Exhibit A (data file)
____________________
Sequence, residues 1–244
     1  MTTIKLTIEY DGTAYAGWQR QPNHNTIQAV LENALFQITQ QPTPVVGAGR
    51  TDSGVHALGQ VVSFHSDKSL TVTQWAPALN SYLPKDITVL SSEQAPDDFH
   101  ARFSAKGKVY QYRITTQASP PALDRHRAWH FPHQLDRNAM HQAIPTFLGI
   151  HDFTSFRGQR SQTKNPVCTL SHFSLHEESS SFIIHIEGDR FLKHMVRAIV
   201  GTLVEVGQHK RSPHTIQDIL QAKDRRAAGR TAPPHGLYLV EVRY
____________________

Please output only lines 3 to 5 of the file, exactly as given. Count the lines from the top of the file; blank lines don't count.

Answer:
    51  TDSGVHALGQ VVSFHSDKSL TVTQWAPALN SYLPKDITVL SSEQAPDDFH
   101  ARFSAKGKVY QYRITTQASP PALDRHRAWH FPHQLDRNAM HQAIPTFLGI
   151  HDFTSFRGQR SQTKNPVCTL SHFSLHEESS SFIIHIEGDR FLKHMVRAIV